Targeting Top Teachers For Superior STEM Education
With the impending reauthorization of the Elementary and Secondary Education Act, the issue of teacher quality is one of particular interest for the upcoming session. The panel of Albert Einstein Distinguished Educator Fellows discussed the characteristics and considerations that a definition for Highly Effective STEM Teachers should address. The Fellows also addressed the impact of high quality professional development programs by outlining their experiences and observations.
Targeting Top Teachers For Superior STEM Education
Teacher effectiveness is critical to the future of the U.S. educational system. At the Wilson Center on the Hill event cosponsored by the Program on America and the Global Economy a panel of Albert Einstein Distinguished Educator Fellows discussed teacher quality, professional development, and the definition and evaluation of the term “highly effective”. Kent Hughes, Director of the Program on America and the Global Economy at the Woodrow Wilson Center, began with a brief introduction of the panelists and moderated the discussion.
Kevin Simmons, a High School Physics, Chemistry, and Aerospace Science teacher in Florida noted that highly effective teacher will inspire students to excel by creating real world experiences, connected to the world outside their classroom, and have the flexibility and the freedom to inspire students based on his/her own unique talents. He also spoke about the value of the teacher building a personal relationship with each student in order to inspire them.
Geraldine Robbins, a High School Mathematics teacher in Florida, singled out some trait of highly effective teachers. Robbins cited having world and life experiences and being over-the-top ambitious as being very important. She believes that education is important to America’s future and national security. She also stressed that “education reform cannot come from the top down…educators must rise and lead without being stifled by the atmosphere of compliance that pervades our schools today.” Emphasizing the need for a new model of education, Robbins suggested holding town hall meetings and consulting teachers about the definition of highly effective teachers. Later in the event, she also suggested that the current definition of highly qualified teachers, which ties certification to effectiveness, should be reconsidered.
Matthew Inman, a High School Physics and General Science teacher in Washington, emphasized the importance of not losing sight of the bigger picture of inspiring student sand helping them feel safe in the classroom. Furthermore, he noted the need to review the current process of teacher preparation in the United States. Inman asserted the need for a complex system and a broad vision, stating that “focusing on highly effective teachers is important…but it’s not going to happen in this bubble…if we don’t also have systems in this country that take care of our kids and their families with regard to their health, with regard to the different community services that they need.”
Discussing what she considers to be traits of highly effective teachers, Buffy Cushman-Patz, a Middle School Mathematics and High School Science teacher in Hawaii, noted the significance of having rich and deep content knowledge as well as being a lifelong learner who is self-reflective and empathetic. She asserted the need for high-quality, ongoing professional development for teachers, led by other teachers. She also expressed her support of the transition from focusing on teachers’ qualifications to focusing on their effectiveness.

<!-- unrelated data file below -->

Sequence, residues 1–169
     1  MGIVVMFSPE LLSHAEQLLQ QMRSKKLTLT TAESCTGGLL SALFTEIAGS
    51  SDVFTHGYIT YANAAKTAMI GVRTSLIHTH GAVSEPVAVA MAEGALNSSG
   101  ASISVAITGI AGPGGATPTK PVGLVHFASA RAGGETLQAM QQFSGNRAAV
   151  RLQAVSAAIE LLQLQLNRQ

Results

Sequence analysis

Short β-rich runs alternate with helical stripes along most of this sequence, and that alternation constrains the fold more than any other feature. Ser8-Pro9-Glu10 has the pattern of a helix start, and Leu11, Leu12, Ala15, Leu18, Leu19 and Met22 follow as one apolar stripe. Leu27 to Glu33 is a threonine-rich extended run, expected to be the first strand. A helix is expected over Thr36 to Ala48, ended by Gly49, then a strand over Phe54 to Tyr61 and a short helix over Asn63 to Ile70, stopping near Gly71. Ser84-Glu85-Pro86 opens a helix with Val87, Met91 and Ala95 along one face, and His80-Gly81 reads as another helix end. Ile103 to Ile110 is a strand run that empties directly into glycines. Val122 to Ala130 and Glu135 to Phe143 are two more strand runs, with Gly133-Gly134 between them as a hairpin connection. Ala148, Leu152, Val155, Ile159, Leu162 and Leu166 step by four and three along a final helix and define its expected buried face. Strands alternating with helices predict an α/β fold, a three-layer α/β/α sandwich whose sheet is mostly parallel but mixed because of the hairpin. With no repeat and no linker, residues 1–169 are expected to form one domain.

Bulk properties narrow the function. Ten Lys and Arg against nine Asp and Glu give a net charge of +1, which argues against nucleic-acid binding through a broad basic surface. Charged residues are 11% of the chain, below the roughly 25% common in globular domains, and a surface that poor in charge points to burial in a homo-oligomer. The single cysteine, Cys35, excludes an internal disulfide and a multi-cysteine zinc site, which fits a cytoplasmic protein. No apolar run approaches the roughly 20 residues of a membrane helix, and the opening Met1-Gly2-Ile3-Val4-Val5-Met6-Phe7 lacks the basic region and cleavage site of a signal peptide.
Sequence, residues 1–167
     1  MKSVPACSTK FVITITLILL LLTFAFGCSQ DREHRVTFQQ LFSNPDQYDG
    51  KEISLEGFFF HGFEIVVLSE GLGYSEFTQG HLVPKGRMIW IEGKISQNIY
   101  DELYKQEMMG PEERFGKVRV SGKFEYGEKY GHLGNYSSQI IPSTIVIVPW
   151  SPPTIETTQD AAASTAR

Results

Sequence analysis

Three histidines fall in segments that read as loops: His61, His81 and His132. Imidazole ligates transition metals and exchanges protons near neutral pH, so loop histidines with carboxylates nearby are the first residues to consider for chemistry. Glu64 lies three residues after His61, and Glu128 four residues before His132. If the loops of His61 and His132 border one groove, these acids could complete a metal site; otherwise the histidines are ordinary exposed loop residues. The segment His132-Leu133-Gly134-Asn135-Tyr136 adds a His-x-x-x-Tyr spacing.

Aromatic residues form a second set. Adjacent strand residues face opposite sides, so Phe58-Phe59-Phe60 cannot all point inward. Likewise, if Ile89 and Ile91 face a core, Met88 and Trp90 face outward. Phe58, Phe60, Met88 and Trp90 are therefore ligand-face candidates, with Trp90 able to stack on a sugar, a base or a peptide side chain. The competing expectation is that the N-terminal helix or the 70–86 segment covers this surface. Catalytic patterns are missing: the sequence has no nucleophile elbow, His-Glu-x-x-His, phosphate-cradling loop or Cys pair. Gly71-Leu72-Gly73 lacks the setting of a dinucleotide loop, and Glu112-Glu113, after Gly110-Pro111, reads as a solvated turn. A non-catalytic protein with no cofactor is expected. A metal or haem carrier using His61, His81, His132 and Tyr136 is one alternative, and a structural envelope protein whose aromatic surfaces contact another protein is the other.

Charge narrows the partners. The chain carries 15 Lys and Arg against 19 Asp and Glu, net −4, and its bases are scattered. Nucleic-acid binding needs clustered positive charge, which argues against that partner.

When asked about how an outside observer can measure highly effective teachers, Cushman-Patz stressed longevity of understanding and retention of material as important indicators for measuring teacher effectiveness. Inman noted the need for assessment and measurement environments for teachers that are supportive, rather than punitive. Robbins also added that we need to be careful where we place newer teachers because often times they end up in the tougher classrooms and schools. The panel then discussed the important role that parents play in the educational process and the responsibility that they have for their children’s education.
When asked about professional development and tapping into STEM teachers’ abilities to excite and inspire, Simmons mentioned the need for some flexibility within the curriculum so that each teacher can use his/her unique set of skills and life experiences and inspire others through the content that they are intrinsically passionate about. The panel was then asked about changing the perception of the American public to see themselves as part of the solution, as well as about creating more flexible legislation. According to Inman, “we need to make use of every person who has the potential to be a great teacher and we should not keep these people out of the profession due to silly hoop-jumping processes.” He stressed the need for creative solutions to bringing teachers into the field and offered the reminder that “this is a societal issue and something that we all need to be tackling from inside the educational system and out.” Furthermore, Cushman-Patz quoted a recent report by the National Research Council that stated “Research suggests that although teacher qualifications matter, the school context—its culture and conditions—matters just as much, if not more.” She also emphasized the role that school leadership can play in empowering teachers.
By: Erica Pincus
Kent Hughes, Director, Program on America and the Global Economy
Former Director, Program on America and the Global Economy, Woodrow Wilson Center